Wait for the company to review your sell sheet. I usually ask the company what its typical turnaround time is for a response.
I wait a week past that time to hear a response. If no response, I follow up with a call or e-mail.
It also helps to ask if there is a better time to send them the materials.
A kitchen company I contacted told me it only reviews submissions the first week of every month. Sending something in the middle of the month meant it would be collecting dust.
Each company has its own system. You need to find out what it is and follow it if you want to succeed.

Step 11 – No Means Move on
If a company declines to go with your idea, go to the next company on your list and start the process all over.
Get used to no. No is a part of doing business. It is not an insult to you and generations of your family. Companies decline offers based on business decisions. If you have a hard time with the word “No,” you need to find a different field.
If the response is yes, ask for a licensing contract for review. Jump for joy and shout a lot … but wait until you hang up the phone first.

Step 12 – Sealing the Deal
Once I receive a contract I make a copy of it. This way I can use a highlighter on it without damaging the original.
I use this copy to mark any areas where I have questions. I read it several times to make sure I truly understand it. If the contract is fine, I sign it and make copies of the signed version for my records. I always keep a copy in another location in case of fire or act of God.
If the company and I cannot agree to mutual terms, I thank them for their consideration and say I have to take my idea elsewhere. Companies understand the word “no,” and that sometimes deals just don’t work out.
That is part of doing business. I have never had a company I told “No” to tell me never to submit anything else.
You have the power to agree or disagree with any clause in a contract and walk away. You are not obligated to agree to anything that is not in your best interest. The company wouldn’t. Why should you?
As always if you feel you are not qualified to read and make a decision on the contract, consult a lawyer.

And finally, there’s this: Dreams are accomplished by those who do, not by those who wish.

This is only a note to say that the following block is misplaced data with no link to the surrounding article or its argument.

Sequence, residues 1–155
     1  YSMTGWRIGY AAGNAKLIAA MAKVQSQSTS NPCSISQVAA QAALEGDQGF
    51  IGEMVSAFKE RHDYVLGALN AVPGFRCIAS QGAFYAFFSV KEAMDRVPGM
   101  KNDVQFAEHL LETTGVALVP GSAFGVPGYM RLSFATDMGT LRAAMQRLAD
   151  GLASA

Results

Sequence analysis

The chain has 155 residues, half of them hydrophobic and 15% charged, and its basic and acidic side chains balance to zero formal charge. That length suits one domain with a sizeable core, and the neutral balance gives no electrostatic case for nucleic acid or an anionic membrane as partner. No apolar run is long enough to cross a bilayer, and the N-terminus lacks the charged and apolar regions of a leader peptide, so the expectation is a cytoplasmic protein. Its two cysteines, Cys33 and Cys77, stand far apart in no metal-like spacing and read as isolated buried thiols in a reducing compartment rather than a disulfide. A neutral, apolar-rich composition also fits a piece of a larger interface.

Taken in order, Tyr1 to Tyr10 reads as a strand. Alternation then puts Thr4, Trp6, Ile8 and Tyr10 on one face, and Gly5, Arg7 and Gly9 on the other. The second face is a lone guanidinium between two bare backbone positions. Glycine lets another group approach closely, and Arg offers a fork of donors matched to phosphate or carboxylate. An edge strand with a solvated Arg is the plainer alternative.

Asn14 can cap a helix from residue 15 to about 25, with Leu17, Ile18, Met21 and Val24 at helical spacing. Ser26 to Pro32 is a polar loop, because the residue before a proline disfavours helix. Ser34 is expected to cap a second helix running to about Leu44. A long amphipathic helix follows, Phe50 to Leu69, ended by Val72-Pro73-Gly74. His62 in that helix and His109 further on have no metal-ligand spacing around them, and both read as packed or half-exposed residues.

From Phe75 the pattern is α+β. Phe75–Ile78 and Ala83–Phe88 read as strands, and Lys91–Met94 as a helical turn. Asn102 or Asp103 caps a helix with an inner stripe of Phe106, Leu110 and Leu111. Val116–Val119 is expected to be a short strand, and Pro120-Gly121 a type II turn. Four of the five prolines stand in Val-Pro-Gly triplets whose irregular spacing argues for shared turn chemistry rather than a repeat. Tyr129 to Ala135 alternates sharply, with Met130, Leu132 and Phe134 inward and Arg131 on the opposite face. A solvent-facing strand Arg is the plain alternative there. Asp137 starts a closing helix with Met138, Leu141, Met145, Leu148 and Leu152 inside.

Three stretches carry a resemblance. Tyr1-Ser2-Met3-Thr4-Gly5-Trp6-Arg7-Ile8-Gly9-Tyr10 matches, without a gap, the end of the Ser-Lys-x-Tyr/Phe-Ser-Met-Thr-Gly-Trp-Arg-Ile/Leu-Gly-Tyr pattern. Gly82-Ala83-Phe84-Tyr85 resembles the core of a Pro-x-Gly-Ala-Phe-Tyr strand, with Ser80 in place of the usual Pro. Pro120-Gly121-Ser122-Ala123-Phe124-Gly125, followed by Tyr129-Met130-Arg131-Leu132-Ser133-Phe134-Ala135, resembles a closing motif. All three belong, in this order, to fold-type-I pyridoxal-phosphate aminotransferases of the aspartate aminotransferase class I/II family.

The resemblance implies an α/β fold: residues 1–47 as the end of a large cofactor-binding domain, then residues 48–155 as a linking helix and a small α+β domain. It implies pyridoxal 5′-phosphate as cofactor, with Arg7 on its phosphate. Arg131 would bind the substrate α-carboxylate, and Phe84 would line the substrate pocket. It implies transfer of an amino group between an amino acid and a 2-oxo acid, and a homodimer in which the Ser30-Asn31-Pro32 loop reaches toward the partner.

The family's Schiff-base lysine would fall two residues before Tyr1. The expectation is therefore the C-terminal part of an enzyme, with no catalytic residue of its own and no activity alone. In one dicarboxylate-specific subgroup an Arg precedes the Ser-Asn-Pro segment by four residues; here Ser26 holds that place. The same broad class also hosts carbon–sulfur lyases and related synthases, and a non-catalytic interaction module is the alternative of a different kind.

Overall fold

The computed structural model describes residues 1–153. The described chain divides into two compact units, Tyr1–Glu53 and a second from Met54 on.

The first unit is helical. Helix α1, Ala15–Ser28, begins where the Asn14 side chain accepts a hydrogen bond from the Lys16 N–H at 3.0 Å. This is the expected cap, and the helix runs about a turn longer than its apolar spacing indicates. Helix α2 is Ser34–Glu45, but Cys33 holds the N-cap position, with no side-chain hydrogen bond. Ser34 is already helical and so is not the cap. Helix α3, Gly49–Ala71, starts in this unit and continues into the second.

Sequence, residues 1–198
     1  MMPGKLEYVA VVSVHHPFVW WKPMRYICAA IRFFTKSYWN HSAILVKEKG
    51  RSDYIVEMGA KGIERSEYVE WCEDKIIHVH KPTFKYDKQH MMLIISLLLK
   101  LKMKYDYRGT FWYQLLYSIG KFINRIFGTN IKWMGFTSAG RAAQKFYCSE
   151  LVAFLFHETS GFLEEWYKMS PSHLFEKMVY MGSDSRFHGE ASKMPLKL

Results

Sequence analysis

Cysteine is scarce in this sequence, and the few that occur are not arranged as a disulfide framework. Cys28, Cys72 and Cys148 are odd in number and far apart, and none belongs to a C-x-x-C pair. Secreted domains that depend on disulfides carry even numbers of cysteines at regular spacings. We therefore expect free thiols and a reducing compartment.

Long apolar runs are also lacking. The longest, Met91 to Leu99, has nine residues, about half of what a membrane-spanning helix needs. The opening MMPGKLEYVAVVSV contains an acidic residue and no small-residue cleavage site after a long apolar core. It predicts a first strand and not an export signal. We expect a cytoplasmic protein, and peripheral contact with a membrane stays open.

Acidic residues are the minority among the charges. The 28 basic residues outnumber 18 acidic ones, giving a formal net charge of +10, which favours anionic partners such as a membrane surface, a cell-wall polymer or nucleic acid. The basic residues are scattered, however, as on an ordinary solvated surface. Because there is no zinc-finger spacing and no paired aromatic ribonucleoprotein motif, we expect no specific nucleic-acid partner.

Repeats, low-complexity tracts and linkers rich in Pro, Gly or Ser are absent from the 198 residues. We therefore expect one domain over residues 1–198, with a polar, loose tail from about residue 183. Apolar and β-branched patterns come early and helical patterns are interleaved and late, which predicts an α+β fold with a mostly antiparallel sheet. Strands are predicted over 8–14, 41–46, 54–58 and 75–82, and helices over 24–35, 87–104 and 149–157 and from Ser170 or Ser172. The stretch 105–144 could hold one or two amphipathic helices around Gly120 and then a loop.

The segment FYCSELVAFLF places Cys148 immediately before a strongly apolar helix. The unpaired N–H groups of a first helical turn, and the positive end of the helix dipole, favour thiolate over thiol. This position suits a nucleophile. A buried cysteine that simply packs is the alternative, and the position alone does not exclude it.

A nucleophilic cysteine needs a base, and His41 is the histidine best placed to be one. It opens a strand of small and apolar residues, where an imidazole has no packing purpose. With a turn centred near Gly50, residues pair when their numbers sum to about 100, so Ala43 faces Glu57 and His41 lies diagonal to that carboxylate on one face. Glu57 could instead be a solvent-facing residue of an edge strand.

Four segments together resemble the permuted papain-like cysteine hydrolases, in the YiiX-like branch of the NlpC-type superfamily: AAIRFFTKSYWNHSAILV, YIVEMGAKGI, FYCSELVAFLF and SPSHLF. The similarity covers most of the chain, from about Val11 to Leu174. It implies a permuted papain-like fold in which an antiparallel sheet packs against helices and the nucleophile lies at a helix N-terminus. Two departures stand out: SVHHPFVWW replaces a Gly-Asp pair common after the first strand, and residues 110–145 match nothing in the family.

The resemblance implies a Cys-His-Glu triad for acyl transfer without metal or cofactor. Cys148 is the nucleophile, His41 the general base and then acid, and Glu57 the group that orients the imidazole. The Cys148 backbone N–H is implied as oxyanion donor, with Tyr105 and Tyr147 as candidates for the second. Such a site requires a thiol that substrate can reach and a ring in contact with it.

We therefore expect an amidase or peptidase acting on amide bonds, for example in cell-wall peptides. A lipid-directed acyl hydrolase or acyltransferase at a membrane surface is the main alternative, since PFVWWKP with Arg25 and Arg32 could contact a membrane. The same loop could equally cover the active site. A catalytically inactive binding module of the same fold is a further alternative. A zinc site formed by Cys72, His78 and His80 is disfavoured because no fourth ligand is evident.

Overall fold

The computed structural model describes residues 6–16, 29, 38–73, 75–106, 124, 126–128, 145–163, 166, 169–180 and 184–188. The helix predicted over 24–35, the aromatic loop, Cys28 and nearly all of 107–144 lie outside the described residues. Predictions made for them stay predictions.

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Do invention search contests usually work out?

Post  robertbrady on Fri 17 Feb 2012 - 19:31

Roger, in your experience, do contests like this one work? http://www.xclosure.com/application-page

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Re: How do you license something?

Post  nimblejack on Fri 17 Feb 2012 - 20:38

Roger

I'm getting better but I'm still not past Step 11: "No Means Move On" I'm still just s little too stubborn to accept that one. The Big Idea Group passed on the Magic Toob, but I think it was a big mistake on their part and I plan on letting Michael Collins know it! I need to hear him say "No" one last time... Wink

Jack
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Contests

Post  Roger Brown on Tue 10 Apr 2012 - 12:54

Contests are like anything else you want to enter or service you want to use. Make sure you know the rules, what the requirements and what you may lose in the process. Some contests say whether you win or not they own your idea, others own it only if selected. Understand what you actually win and how they pay you and the percentage they pay you. Do they charge you a fee or do they take a portion of your winnings as payment? It can be an interesting experience but you don't want it to cost you your idea in the process or make public disclosure of a product you do not have patented or patent pending.
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Re: How do you license something?

Post  Aruna on Tue 23 Oct 2012 - 13:15

Very good read, thank you! A question related to this, can you license an invention to more than one company? If I have a novel idea for brassieres, can i strike a deal with more than one, or is the license automatically exclusive to the first that signs, or can I go back and forth with negotiation between two companies looking for a better return, or just sign both licenses? I would assume this would just depend on the contract verbiage.
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License an invention

Post  Roger Brown on Thu 1 Nov 2012 - 21:07

You answered your own question. You can get whatever deal you and the company agree too. Most companies will want an exclusive agreement. But you can also makes deals where you carve out different sections for the same product. If your product could be used as a tool and a toy. You could license it to both markets and neither one would harm the others market share.